Creator of the Golden Gate Park mini elf/fairy door comes forward

Rio, the 6 year old son of the door’s creator, Tony Powell, poses with the door after it was first
installed in February. Photo: Tony Powell | SF Chronicle

We got an email last night from someone named T. Powell, that began with “Thank you for shining your light on the little fairy door my six year old son Rio and I made and quietly mounted last February.”

Today, the Chronicle posted a story about the same man, whose full name is Tony Powell. It was Tony, and his young son Rio, that created and installed the door at the base of the Golden Gate Park concourse elm tree back in February.

Tony and his son live on a boat in the San Francisco Bay, which may be equivalent to living under a rock of sorts. That might explain how they missed the international media attention that the door has attracted.

“Until a few days ago, we had no idea it had been getting so much attention,” Tony wrote to us.

After hearing about the hype, Tony returned to the tree recently and witnessed the impact it has on visitors.

“Yesterday we went to see, and from afar we watched many folks come around the tree and open the door to leave notes and flowers and such. Even though our original door was removed (and its hinges most likely damaged with its removal), the spirit is still there,” Tony wrote.

“It has been really gratifying to see that people besides us are still full of wonder at such things in modern day.”

Tony and Rio designed and crafted the door from scrap pine over a period of a few months, then added a knob and marine-grade varnish for the finishing touch. They installed it around Valentine’s Day.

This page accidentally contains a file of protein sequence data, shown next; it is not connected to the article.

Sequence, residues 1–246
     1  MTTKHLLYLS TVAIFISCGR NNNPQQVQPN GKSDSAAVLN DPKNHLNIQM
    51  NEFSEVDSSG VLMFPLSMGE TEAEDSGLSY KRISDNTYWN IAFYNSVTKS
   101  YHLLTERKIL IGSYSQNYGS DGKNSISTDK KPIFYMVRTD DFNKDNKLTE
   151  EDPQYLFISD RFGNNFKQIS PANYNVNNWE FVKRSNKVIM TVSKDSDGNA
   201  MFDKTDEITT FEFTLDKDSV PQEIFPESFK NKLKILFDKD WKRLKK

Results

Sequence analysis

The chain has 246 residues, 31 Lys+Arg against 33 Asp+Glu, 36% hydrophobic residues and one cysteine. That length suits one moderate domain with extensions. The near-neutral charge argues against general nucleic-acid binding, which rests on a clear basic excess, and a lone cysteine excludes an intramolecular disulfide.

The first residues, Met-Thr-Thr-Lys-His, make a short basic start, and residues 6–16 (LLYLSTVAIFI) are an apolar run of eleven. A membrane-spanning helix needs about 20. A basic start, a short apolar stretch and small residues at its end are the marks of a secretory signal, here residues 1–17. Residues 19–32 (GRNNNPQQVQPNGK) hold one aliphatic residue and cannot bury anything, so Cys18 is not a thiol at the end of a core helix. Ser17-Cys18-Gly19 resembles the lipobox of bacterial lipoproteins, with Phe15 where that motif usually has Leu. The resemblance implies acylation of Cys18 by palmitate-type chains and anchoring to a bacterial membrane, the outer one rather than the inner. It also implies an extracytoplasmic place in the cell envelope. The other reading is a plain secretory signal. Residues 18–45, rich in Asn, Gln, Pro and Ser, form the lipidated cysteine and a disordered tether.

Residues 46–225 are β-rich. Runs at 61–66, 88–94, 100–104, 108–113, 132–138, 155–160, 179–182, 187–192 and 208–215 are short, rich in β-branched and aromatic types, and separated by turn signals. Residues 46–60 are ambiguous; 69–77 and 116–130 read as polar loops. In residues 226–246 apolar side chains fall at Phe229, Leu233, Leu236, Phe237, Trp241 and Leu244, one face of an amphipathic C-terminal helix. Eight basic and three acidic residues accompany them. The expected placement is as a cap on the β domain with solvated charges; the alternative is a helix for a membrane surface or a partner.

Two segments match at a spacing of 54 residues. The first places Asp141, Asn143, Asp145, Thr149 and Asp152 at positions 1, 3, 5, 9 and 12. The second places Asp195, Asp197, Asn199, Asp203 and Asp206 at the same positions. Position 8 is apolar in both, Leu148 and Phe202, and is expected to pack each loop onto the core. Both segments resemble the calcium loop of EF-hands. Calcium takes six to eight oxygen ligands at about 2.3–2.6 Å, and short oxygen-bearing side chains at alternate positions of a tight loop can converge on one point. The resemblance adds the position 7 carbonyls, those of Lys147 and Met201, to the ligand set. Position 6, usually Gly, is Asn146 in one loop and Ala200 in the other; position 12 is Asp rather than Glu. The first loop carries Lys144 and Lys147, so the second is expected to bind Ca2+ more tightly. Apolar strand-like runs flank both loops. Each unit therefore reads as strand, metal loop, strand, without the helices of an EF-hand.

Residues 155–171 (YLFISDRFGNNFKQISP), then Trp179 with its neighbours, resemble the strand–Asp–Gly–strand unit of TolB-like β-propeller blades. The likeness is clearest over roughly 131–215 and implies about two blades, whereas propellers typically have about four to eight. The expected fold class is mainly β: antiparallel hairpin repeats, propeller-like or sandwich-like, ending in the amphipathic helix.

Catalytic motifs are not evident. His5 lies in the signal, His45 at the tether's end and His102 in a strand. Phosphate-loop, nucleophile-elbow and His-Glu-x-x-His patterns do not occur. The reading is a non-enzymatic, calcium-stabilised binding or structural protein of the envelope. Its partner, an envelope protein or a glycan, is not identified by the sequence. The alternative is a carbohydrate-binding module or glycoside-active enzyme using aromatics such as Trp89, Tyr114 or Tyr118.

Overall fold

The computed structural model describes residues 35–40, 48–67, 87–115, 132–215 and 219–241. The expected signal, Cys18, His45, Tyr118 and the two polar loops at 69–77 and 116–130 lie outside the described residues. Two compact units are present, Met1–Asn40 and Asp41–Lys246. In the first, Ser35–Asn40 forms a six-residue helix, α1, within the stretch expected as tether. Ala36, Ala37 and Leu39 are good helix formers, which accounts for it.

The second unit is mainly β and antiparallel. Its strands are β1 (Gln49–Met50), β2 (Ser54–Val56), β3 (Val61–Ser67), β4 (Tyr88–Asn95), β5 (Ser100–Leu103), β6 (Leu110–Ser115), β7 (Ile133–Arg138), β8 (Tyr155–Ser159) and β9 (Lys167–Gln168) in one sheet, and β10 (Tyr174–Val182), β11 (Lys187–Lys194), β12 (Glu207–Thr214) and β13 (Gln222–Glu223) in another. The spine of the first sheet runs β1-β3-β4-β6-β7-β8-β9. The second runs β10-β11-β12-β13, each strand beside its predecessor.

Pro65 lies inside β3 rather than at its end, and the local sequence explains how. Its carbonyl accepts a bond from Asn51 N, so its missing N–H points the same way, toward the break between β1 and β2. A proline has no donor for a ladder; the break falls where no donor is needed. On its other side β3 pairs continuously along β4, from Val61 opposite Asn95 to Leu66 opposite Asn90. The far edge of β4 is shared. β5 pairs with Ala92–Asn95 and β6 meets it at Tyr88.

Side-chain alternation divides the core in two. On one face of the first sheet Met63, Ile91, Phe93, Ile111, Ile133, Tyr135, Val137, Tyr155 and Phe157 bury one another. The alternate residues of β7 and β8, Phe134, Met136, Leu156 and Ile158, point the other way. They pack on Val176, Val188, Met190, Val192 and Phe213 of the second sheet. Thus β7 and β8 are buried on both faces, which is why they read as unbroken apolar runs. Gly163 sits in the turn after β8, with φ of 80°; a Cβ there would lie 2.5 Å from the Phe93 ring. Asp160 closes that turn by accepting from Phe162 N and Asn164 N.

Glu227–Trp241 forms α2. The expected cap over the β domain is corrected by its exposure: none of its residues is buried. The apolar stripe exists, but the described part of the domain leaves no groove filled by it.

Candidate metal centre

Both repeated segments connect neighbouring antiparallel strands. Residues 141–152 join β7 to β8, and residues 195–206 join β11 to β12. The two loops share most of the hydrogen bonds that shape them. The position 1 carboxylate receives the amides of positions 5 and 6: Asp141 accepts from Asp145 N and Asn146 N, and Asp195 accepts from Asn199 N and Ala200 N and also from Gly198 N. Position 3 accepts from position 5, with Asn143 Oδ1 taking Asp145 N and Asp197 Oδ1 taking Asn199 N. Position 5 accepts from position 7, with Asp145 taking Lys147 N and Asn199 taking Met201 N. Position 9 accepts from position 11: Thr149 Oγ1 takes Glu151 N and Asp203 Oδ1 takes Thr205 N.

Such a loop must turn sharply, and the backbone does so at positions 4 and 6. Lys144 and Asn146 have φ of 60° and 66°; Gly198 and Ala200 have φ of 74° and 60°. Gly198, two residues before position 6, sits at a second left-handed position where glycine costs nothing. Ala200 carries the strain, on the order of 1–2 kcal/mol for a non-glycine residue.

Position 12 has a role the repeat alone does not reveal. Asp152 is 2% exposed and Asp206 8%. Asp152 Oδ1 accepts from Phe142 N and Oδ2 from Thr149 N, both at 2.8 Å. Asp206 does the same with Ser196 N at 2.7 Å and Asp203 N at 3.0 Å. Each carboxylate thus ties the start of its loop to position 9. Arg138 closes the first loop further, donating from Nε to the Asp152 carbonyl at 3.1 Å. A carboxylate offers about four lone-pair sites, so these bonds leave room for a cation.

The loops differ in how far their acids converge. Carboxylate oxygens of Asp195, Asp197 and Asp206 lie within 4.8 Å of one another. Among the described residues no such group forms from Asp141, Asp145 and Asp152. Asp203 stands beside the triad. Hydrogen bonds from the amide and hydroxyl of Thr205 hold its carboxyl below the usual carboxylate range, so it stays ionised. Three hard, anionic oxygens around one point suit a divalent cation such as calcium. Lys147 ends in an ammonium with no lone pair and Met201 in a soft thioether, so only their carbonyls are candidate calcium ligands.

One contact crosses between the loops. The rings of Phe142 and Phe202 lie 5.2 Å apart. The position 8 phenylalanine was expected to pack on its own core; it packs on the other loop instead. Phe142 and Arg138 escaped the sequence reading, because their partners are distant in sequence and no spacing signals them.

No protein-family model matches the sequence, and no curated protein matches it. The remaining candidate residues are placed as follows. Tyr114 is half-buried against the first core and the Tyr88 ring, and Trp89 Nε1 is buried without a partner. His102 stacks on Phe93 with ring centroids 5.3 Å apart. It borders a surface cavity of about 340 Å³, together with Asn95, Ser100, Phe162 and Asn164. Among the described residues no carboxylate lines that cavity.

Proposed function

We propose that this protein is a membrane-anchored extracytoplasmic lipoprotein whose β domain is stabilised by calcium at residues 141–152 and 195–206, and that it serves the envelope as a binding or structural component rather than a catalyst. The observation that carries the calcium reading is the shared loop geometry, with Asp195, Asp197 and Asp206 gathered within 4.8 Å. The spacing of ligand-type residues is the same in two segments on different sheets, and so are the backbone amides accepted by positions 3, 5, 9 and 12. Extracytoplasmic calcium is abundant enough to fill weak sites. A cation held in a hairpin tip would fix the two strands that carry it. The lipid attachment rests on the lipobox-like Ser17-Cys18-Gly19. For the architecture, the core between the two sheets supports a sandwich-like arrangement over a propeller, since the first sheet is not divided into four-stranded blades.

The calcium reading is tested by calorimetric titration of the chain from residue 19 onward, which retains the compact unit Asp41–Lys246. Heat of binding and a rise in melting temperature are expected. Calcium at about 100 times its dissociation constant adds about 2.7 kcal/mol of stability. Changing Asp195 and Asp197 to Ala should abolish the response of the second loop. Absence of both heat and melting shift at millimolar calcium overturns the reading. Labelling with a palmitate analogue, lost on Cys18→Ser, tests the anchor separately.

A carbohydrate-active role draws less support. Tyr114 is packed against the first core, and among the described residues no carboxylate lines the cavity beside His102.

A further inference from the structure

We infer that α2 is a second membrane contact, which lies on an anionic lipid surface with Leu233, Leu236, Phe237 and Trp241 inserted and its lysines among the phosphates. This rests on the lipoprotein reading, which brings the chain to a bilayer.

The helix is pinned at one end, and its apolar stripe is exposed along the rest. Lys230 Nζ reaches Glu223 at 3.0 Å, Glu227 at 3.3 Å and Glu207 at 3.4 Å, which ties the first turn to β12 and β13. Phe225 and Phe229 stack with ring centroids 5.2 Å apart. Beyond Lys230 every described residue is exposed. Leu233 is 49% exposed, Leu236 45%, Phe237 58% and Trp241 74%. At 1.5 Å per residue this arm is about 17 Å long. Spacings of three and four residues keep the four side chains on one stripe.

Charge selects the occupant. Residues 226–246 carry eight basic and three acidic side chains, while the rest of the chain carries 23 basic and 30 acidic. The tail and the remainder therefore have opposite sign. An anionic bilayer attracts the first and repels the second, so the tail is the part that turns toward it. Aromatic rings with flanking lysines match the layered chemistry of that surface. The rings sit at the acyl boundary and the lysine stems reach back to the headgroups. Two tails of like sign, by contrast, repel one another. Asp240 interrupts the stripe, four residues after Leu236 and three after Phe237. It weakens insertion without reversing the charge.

Inspiration for the door comes from the ages, Tony explained.

“Of course people have given recognition to the creative spirits of nature for ages. The Greeks called them by such names as Dryads (tree spirits) and Naiads (spirits of stream and lake), and the Irish called them the Sidhe (pronounced “shee” as in banshee).”

It took over a month for word to spread about the door’s existence. But once it did, people couldn’t get enough of it. Visitors flocked to it, leaving notes, offerings and spinning theories on what it meant.

Was it a fairy door? Did elves live inside? Would wishes be granted if you left them inside the door?

But Rec & Park, despite telling local media they had no plans to remove it, changed their mind and removed the door without any explanation. That resulted in a lot of disappointed visitors (including this blogger), who found only an empty hole and a couple of notes and twigs that were left behind.

The door-less tree after Rec & Park removed it.

There was enough backlash that Rec & Park had to react – albeit in a very unexpected way. They installed an imposter door, which was nowhere near as lovely as the original. Their PR person said the door was removed because its hinges were damaging the roots, and the varnish on the door was toxic to the tree. Boo.

And eventually, even the fake replacement door will be removed, as it violates the policy of Rec & Park which prohibits anything from being attached/nailed to park trees. Double boo.

The original door on the left (Photo: Erica Reh); and the Rec & Park imposter version on the right (Photo: Tony Perry)

Despite the bureaucratic melee, Tony and his son don’t seem deterred. He told the Chronicle that he’s trying to think of a way to create a new door that doesn’t have to be attached to the tree.

“We love Golden Gate Park and all of its art and magic and we know well that the creative spirit of nature is still all around us, creating things like trees budding and thrushes nesting and tears of fog dripping from the redwoods, and also fashioning little doors in hollow trees as well as making offerings to it,” Tony wrote to us.

He and Rio were touched by the offerings people left inside the door, so much so that Tony couldn’t resist answering one visitor’s burning question.

“When we read one of the notes which asked whether fairies were real, I had to scrawl upon it in green crayon, “Yes we are.””

Whether built by fairies, or by a man and his young son, we’re just glad that this little piece of delight came to our park. Thanks Tony and Rio!